Non­fic­tion

Art and the Artist in the Con­tem­po­rary Israeli Novel

Joseph Lowin
  • Review
By – October 15, 2017

Art and the Artist in the Con­tem­po­rary Israeli Nov­el by Joseph Lowin | Jew­ish Book Coun­cil

In this crit­i­cal study, Joseph Lowin care­ful­ly exam­ines eight exam­ples of the con­tem­po­rary Israeli nov­el, aim­ing to elu­ci­date the images of art and artists in mod­ern Israeli cul­ture. The select­ed nov­el­ists are Aharon Appelfeld, A.B. Yehoshua, Meir Shalev, David Gross­man, Amos Oz, Ronit Mat­alon, Aharon Megged, and Zeruya Shalev. Accord­ing to Lowin, what joins these writ­ers is their shared ded­i­ca­tion to the nov­el as a refined, self-aware, and deeply lit­er­ary form. Lowin aims his sophis­ti­cat­ed exe­ge­sis at seri­ous read­ers of lit­er­ary texts” who are espe­cial­ly moved by an aes­thet­ic view of life.”

Start­ing with the imme­di­ate aspects of Israel’s dai­ly and polit­i­cal life, each of these authors reach­es high­er – to anoth­er part of the coun­try, where art dwells.” Lowin des­ig­nates this lofty area as Aes­thet­ic Israel.” The spe­cial qual­i­ties of Aes­thet­ic Israel” emerge through detailed analy­sis of of such well known nov­els as Appelfeld’s The Age of Won­ders (1981) and less pub­li­cized ones such as Ronit Matalon’s The One Fac­ing Us (1998). Lowin explores the way craft­ed com­plex­i­ty and ambi­gu­i­ty priv­i­lege the very idea of the art of nov­el, or even more direct­ly the art of art itself.”

Tan­gi­ble inter­ac­tions and events give way to a sto­ry about sto­ry­telling” as each nov­el moves to the styl­ized, self-reflex­ive realm of metafic­tion.” Lowin fur­ther con­tends that such aes­thet­ic strat­e­gy has a pro­found Jew­ish res­o­nance –as relat­ed to the Midrashic mode‑a mode of writ­ing that involves rewrit­ing and adapt­ing pre­vi­ous texts.” Meir Shalev’s nov­el, Esau (1994), for exam­ple, requires slow, delib­er­ate read­ing” as he chal­lenges the read­er with a myr­i­ad of allusions.”

Lowin gives expert atten­tion to the spe­cial, arcane” lit­er­ary devices dis­played in these nov­els. Read­ers will find fre­quent men­tion of such eso­teric terms as alter­nat­ing frameworks,”“interior dupli­ca­tion,” locus amoenus,” dop­pel­gänger,” mis en abyme,”and ecphra­sis.” To his cred­it, the author always explains and illus­trates such spe­cial­ized nar­ra­tive meth­ods. For exam­ple, in his chap­ter on Matalon’s The One Fac­ing Us, Lowin shows how the author makes use of the ecphra­sis tech­nique to describe a work of art with­in the pages of her nov­el. Dis­cussing Yehoshua’s 1989 nov­el, Mr. Mani, Lowin points to the novelist’s use of locus amoenus,” the desired, idyl­lic place, as cen­tral to the novel’s struc­ture and move­ment. Like the oth­er nov­els, Mr. Mani emerges as a com­pli­cat­ed labyrinthine piece of work” designed by an author immersed in the Jew­ish tex­tu­al tra­di­tion.” Lowin includes very help­ful foot­notes illu­mi­nat­ing Mr. Mani and Yehoshua’s cre­ative aims. The book’s very thor­ough index also aids read­ers’ under­stand­ing of the tech­ni­cal aspects of all eight novels.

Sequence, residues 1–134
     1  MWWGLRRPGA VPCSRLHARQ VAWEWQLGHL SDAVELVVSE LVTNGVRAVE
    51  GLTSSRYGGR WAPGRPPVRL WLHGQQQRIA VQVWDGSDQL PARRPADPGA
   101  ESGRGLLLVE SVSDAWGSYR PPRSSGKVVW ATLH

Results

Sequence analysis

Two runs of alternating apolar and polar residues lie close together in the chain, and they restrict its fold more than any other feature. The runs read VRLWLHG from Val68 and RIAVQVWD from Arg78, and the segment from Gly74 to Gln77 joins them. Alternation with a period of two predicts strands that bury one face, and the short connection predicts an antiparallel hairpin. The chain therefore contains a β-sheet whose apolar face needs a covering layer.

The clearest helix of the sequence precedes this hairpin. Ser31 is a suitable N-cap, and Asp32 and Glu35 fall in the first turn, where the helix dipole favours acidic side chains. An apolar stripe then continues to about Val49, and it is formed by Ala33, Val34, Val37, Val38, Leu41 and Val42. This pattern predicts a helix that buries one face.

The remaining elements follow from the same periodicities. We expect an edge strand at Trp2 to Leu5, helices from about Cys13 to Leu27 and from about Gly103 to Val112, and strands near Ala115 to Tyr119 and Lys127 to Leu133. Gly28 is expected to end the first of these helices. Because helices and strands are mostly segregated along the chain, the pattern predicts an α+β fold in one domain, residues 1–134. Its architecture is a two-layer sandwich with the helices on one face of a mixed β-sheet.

Lowin is always alert to such nar­ra­tive fun­da­men­tals as plot, his­tor­i­cal con­text, set­ting, char­ac­ter, and con­flict. In this way, he grad­u­al­ly draws his read­ers into the exis­ten­tial flow of the nov­els. He invites con­tact with the orig­i­nal text and fur­ther work of each nov­el­ist. How­ev­er, in his con­sis­tent con­cern with nov­el­is­tic nuance and com­plex­i­ty, Lowin guides read­ers into the dis­tinct land­scape of Aes­thet­ic Israel.” Amos Oz, one of the book’s select­ed nov­el­ists, has recent­ly remarked that Jew­ish con­ti­nu­ity [is] pri­mar­i­ly tex­tu­al.” In this thought­ful book, Joseph Lowin fur­ther traces such con­ti­nu­ity by link­ing each of his cho­sen Israeli nov­els to the great chain of the Jew­ish tex­tu­al tradition.”

Peter E. Korn­blum holds a Ph.D. in Eng­lish from the Uni­ver­si­ty of Cal­i­for­nia at Berkeley.He taught Eng­lish in the High School Divi­sion of the New York City Depart­ment ofE­d­u­ca­tion from 1981 through 2007.

Discussion Questions